RJG wrote:1. Absolute truth -- undeniable/undoubtable (…Descartes foundation of all knowledge)
Descartes foundationalism failed.
Yes, correct! It (he) failed because his "I think" premise did not meet this critical level of certainty. As I explained in the OP of the thread "How does one find True Knowledge" (viewtopic.php?f=2&t=15952) he made 3 fatal errors, which further led to his flawed dualistic perspective.

Fooloso4 wrote:Any statement about anything in the world cannot be “absolutely true”.
Not so. "Experiencing exists" (...or as Belindi interprets "happenings happen") is Descartes fateful missing undeniable/undoubtable "absolute truth".

'Experiencing' is IMPOSSIBLE to deny/doubt. For the mere act of denying/doubting only 'affirms' its existence. Therefore "experiencing exists" is ABSOLUTE (undeniable/undoubtable) and is the missing "first principle" that Descartes was searching for, but never found.

And it is from this starting seed, that we can THEN logically derive the "I" (the 'experiencer'). For without an experiencer, there could be no experiencing. So then, IF experiencing exists, then so MUST also an 'experiencer' (called "I").

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Re: Truth

Post by Fooloso4 » December 14th, 2018, 12:41 pm

Eduk:
Any statement about anything in the world cannot be “absolutely true”.
It could, it just can't be proven absolutely. It can only be proven as best we can.
Absolutely true is put in parenthesis because it refers to RJG’s definition - undeniable/undoubtable

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Re: Truth

Post by Eduk » December 14th, 2018, 12:42 pm

Absolutely true is put in parenthesis because it refers to RJG’s definition - undeniable/undoubtable
Ah I see. Then yes there is nothing undoubtable, though I have my doubts about that.
Unknown means unknown.

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Re: Truth

Post by Fooloso4 » December 14th, 2018, 12:47 pm

RJG:
It (he) failed because his "I think" premise did not meet this critical level of certainty. As I explained in the OP …
See below regarding what Descartes means by thinking.
Any statement about anything in the world cannot be “absolutely true”.
Not so. "Experiencing exists"
While it is certain that I experience, experience can tell us nothing certain about the world. In addition, it tells me nothing certain about any experiencing other than my own.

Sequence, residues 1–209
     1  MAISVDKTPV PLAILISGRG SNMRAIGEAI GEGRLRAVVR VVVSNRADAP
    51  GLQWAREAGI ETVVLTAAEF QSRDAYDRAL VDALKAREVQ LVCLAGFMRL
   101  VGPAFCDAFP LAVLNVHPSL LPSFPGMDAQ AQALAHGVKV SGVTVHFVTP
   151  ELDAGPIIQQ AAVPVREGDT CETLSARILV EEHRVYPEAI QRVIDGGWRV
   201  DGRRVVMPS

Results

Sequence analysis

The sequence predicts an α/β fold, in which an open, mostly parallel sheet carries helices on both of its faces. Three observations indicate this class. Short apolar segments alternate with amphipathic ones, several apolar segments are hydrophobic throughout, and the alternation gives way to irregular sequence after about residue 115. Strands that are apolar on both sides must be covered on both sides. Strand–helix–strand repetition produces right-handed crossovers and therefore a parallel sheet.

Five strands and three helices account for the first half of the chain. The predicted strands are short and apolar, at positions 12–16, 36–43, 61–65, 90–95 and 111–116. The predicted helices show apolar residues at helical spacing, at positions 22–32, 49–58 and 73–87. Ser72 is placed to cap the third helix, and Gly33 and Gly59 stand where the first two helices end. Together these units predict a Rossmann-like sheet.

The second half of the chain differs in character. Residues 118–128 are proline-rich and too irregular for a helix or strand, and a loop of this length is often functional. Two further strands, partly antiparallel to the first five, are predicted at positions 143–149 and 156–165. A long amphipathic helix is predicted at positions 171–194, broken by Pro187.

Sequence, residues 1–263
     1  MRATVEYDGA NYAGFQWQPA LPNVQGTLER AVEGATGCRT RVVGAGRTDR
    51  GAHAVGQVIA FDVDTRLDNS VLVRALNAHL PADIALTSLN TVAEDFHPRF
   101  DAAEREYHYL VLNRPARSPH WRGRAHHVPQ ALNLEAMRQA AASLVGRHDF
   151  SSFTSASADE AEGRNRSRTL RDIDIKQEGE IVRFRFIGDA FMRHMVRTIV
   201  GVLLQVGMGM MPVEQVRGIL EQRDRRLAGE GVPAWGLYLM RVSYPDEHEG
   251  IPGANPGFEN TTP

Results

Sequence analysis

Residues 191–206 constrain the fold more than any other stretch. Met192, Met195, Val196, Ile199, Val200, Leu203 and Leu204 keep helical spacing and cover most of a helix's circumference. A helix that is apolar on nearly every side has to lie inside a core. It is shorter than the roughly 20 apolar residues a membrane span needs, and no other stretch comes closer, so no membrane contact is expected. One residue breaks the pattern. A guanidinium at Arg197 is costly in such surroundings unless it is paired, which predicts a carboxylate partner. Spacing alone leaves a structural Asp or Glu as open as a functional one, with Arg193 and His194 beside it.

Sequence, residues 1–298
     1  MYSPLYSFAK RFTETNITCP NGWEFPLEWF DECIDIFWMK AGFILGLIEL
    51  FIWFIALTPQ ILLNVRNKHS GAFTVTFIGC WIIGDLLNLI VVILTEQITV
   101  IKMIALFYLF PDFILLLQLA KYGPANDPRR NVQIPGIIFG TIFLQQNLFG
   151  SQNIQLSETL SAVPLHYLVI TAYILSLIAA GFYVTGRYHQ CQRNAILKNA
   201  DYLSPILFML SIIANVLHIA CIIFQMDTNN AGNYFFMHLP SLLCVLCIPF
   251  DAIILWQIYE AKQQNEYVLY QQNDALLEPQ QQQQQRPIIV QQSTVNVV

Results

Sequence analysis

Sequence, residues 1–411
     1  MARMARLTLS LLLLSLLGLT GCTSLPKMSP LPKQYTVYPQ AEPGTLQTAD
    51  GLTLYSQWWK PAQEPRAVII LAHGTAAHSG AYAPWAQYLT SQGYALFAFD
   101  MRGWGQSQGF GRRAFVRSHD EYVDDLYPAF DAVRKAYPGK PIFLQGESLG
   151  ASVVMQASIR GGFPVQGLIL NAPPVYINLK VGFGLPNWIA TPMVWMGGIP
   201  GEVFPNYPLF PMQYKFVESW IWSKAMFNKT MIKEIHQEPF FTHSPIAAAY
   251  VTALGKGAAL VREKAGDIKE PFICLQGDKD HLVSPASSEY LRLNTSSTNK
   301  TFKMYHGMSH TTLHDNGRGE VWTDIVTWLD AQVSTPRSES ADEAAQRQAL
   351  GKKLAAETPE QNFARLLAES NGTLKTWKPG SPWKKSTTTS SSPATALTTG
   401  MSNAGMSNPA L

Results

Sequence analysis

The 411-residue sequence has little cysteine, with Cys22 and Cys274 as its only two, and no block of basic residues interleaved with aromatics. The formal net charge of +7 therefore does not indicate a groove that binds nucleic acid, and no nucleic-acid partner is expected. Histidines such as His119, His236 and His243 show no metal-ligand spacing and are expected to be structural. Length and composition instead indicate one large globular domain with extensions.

Therefore "experiencing exists" is ABSOLUTE (undeniable/undoubtable) and is the missing "first principle" that Descartes was searching for, but never found.
This demonstrates that you have not understood what Descartes means by thinking. From the Meditations:
But it will be said that these phenomena are false and that I am dreaming. Let it be so; still it is at least quite certain that it seems to me that I see light, that I hear noise and that I feel heat. That cannot be false; properly speaking it is what is in me called feeling;10 and used in this precise sense that is no other thing than thinking. (Meditation II).
RJG:

'Experiencing' is IMPOSSIBLE to deny/doubt. For the mere act of denying/doubting only 'affirms' its existence.

And this is why Descartes is correct when he says “I think therefore I am”. Thinking includes but is not limited to experience. The reason is simple - experience is not deductive, there is no therefore in experience, nothing is derived from experience itself. Doubt is not part of experience itself, but part of judgment. As you say:
And it is from this starting seed, that we can THEN logically derive the "I" (the 'experiencer').
We cannot logically derive the “I” from experience without the ability to think logically. We do not "experience" logic, we use it.

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Re: Truth

Post by RJG » December 14th, 2018, 1:03 pm

Fooloso4 wrote:Absolutely true is put in parenthesis because it refers to RJG’s definition - undeniable/undoubtable
Well, Mr. Fooloso4, if only you read what I wrote, then you would know that "absolute truth" refers to Descartes "first principle" of an undeniable/undoubtable truth. But if you didn't read what I wrote, then I'll excuse your ignorance.

Eduk wrote:Ah I see. Then yes there is nothing undoubtable, though I have my doubts about that.
But do you doubt 'experiencing' this doubting? If so, then do you also doubt the 'experiencing the doubting of this doubting? Wake up my friend!